Weighing up the Environmental Cooperation Agreement under the Canada-United States-Mexico Agreement
- There is a great deal of potential in the cooperation activities of the new side agreement and the new commitments of the environment chapter of the Canada–United States–Mexico Agreement (CUSMA), but for now they are potential only: time and experience will judge their ultimate utility.
- The Commission for Environmental Cooperation retains most of its previous responsibilities, with the notable exception of the ability to produce unsolicited (so-called Article 13) reports.
- The CUSMA defines “affecting trade or investment” in a novel way, significantly strengthening the standard commitments not to fail to enforce environmental laws, and to respect existing provisions in multilateral environmental agreements on ozone depletion, marine pollution and trade in endangered species.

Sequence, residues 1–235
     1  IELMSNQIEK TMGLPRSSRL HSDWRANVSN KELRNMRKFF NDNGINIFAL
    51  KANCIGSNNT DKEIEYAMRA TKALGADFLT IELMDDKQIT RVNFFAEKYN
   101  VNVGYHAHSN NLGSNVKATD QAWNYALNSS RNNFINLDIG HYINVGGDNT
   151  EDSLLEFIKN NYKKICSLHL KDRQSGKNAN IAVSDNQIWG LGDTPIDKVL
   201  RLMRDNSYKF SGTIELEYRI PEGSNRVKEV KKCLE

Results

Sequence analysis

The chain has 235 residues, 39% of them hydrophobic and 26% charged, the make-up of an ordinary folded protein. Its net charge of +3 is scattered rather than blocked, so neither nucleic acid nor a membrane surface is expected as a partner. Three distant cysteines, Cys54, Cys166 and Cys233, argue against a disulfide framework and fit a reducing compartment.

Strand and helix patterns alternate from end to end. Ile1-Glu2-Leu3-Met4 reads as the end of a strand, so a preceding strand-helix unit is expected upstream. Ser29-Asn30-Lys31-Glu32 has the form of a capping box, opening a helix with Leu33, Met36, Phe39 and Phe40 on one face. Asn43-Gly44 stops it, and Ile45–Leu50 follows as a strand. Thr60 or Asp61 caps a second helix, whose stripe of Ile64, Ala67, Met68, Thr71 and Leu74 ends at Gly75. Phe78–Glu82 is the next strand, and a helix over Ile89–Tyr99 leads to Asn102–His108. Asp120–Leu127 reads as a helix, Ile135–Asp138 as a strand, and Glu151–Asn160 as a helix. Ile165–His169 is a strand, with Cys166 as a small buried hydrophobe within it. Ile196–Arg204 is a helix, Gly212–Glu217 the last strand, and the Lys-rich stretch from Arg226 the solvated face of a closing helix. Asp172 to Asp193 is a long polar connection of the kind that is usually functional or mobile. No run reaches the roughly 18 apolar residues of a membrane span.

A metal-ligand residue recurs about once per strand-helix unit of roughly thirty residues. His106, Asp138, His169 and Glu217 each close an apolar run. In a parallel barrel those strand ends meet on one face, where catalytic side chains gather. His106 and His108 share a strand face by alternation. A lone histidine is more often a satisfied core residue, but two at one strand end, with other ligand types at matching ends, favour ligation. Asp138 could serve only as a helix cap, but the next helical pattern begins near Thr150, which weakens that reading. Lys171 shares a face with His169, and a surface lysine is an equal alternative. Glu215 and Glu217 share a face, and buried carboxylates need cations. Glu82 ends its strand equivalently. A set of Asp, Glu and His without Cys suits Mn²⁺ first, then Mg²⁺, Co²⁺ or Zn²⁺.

On November 30, 2018, Canada, Mexico and the United States adopted an Agreement on Environmental Cooperation (ECA) that will take effect when the Canada–United States–Mexico Agreement (CUSMA) enters into force. The ECA will supersede the North American Agreement on Environmental Cooperation (NAAEC), a side agreement that existed under the North American Free Trade Agreement (NAFTA). Unlike NAFTA, which dealt with the environment only in the side agreement, the CUSMA also has an environmental chapter. The interplay of the CUSMA environment chapter (Chapter 24) and the ECA formalizes how the three countries will cooperate on environmental protection and conservation.
Trade agreements can have important environmental effects. We take a look at what’s old, what’s new and what’s noteworthy in the CUSMA when it comes to the environment.
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